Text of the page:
Yen Rises First Time in Four Days After Critical G-20 Comments

  • Bullish yen bets versus dollar climb to four-year high
  • Japan's currency set for best month since October 2008

The yen advanced, heading for its best month since the financial crisis in 2008, amid speculation that critical comments from the Group-of-20 finance ministers make it less likely Japan will intervene to stem the gain in its currency.

The yen climbed against all of its 16 major counterparts as global equities declined. It halted a three-day loss against the dollar after a European Union official said the weekend’s G-20 meeting cited concern Japan will devalue its surging currency. Bets from large speculators that the yen will gain versus the dollar climbed to a net 52,734 contracts, a four-year high.

“The logical conclusion following some international criticism is that the BOJ will be more sensitive to further easing going forward,” said Lee Hardman, a foreign-exchange strategist at Bank of Tokyo-Mitsubishi UFJ Ltd. in London. “The yen is still undervalued so there’s still scope to strengthen further, mostly linked to negative external events. The risk is we have another leg toward the 105 yen, 100 yen level if the situation deteriorates significantly.”

The yen gained 0.9 percent to 112.98 per dollar as of 7:02 a.m. New York time, having weakened 0.9 percent Friday. It strengthened 1.4 percent to 122.95 per euro. Japan’s currency has appreciated 7.2 percent versus the U.S. currency in February, heading for its best month since October 2008.

G-20 Meeting

Eurogroup chief and Dutch Finance Minister Jeroen Dijsselbloem said in Shanghai on Saturday that “there was some concern that we would get into a situation of competitive devaluations” with regards to Japan.

Japanese Prime Minister Shinzo Abe told parliament Monday he is not trying to influence foreign-exchange rates, and that an excessively strong yen has been corrected under his economic reform program, dubbed Abenomics. The currency was trading around 85 per dollar when Abe took office in December 2012.

Japan said it didn’t intervene this month even as the currency strengthened amid concern this could hurt the competitiveness of exporters, data from Ministry of Finance published Monday show. The nation last intervened in the foreign-exchange market in 2011.

Even so, the finance ministry is set to instruct the BOJ to weaken the yen if it surges toward 105 per dollar, said Mansoor Mohi-uddin, a senior markets strategist in Singapore at Royal Bank of Scotland Group Plc.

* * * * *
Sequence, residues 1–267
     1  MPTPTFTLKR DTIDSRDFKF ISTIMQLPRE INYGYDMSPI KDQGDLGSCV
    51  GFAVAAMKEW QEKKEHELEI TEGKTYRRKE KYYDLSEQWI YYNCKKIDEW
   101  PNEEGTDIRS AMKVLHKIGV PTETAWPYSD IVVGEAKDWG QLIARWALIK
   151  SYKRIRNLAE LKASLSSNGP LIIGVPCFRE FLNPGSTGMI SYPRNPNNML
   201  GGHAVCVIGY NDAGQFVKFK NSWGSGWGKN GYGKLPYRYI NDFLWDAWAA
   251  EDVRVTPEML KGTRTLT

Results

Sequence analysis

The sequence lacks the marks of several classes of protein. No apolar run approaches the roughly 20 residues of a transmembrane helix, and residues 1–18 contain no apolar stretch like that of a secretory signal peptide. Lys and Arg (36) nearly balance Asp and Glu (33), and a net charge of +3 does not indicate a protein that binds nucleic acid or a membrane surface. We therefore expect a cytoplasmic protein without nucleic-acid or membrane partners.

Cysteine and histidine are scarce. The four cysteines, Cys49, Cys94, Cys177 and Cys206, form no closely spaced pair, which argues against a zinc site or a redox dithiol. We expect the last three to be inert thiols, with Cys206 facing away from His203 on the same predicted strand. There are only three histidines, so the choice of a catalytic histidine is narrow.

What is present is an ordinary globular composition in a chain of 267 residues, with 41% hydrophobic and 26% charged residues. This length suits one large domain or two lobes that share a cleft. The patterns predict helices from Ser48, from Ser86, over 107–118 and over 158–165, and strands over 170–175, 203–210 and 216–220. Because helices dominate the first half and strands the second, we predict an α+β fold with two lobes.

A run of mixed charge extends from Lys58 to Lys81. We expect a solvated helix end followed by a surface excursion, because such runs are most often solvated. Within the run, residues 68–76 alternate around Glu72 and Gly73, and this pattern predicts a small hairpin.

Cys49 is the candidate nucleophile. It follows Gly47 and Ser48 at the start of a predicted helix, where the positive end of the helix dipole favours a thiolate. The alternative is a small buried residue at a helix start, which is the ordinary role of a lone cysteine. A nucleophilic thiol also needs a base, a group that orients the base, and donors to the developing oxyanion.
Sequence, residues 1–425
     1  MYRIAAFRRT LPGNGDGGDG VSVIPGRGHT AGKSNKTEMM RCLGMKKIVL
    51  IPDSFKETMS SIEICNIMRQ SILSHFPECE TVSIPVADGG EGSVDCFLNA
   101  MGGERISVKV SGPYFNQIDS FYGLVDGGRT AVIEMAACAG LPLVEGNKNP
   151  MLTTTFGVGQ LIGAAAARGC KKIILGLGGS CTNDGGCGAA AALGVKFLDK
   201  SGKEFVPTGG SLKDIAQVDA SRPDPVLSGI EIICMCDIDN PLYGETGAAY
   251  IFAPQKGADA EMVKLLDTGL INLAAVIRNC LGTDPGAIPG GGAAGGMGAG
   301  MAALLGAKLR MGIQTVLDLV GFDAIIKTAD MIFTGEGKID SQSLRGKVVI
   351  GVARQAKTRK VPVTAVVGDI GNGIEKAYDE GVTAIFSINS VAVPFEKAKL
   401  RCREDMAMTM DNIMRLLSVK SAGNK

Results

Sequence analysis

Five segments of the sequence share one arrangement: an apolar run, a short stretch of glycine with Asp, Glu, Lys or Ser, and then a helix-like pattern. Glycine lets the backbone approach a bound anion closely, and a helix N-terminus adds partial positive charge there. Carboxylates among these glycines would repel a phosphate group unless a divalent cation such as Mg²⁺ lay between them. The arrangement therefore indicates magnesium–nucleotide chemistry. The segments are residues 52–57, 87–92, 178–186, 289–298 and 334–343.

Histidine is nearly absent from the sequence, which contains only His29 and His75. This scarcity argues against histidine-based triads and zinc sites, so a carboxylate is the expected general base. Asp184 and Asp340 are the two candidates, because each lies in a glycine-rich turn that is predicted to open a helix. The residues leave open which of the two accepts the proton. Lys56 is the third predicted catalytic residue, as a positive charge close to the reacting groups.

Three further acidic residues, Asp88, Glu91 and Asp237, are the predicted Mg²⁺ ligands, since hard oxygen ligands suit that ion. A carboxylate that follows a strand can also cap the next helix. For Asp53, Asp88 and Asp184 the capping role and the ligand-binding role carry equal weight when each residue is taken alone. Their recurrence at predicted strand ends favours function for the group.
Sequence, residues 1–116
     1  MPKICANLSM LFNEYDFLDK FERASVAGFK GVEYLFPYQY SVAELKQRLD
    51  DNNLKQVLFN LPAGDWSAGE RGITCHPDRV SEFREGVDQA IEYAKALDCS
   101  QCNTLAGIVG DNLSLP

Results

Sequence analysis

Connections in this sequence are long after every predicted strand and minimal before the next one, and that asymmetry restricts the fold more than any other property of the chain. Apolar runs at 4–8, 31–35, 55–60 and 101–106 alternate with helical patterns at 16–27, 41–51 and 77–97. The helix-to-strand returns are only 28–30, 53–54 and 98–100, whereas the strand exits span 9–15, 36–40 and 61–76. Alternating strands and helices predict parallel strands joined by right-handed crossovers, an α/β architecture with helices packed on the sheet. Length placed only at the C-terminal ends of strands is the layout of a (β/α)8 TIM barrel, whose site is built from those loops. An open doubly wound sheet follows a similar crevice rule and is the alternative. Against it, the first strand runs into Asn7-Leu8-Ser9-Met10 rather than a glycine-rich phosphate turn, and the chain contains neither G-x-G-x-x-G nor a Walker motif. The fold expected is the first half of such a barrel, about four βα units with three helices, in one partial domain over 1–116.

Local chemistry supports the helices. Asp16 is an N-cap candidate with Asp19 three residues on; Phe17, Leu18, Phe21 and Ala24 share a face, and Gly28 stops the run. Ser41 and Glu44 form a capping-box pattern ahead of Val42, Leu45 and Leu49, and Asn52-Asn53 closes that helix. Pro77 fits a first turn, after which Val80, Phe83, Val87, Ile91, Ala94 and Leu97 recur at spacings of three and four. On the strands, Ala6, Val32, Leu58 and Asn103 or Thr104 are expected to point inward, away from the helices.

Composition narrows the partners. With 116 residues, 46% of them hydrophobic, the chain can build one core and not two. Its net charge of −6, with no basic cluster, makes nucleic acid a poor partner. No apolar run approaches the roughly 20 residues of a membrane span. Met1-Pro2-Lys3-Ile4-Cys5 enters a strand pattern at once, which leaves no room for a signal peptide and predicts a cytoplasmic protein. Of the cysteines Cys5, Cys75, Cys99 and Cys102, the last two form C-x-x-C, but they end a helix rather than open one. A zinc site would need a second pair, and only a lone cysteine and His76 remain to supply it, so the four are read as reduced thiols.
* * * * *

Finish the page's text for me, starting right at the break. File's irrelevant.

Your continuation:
Japan’s currency is poised to continue trading between 110 and 115 per dollar in the next few weeks, before depreciating toward 120 on the likelihood of three U.S. interest rate increases this year, said Mohi-uddin, who met clients and officials in Tokyo last week.

‘Downward Pressure’

“Japanese policy makers expect the Fed’s actions will remove the current downward pressure on dollar-yen,” Mohi-uddin wrote in a note. “Domestic clients also think in the longer term, the currency pair will recover on the back of the Fed’s tightening cycle.”

Investors are waiting for reports on employment and manufacturing this week for clues on the strength of the U.S. economy. Futures markets indicate 53 percent odds the Federal Reserve will raise interest rates this year after data last week showed fourth-quarter gross domestic product was unexpectedly revised higher and a measure of inflation advanced the most since October 2014.

Speculators reduced wagers on dollar strength to the least since 2014 last week. Bets on gains by the greenback versus eight major peers outweighed those on a slump by a net 116,351 contracts in the week ended Feb. 23, figures from the Commodity Futures Trading Commission showed.

“The bullish dollar view is now less of a crowded trade,” said Khoon Goh, a foreign-exchange strategist at Australia & New Zealand Banking Group Ltd. in Singapore. “If this week’s key U.S. data beat expectations, then further dollar strength can be expected.”

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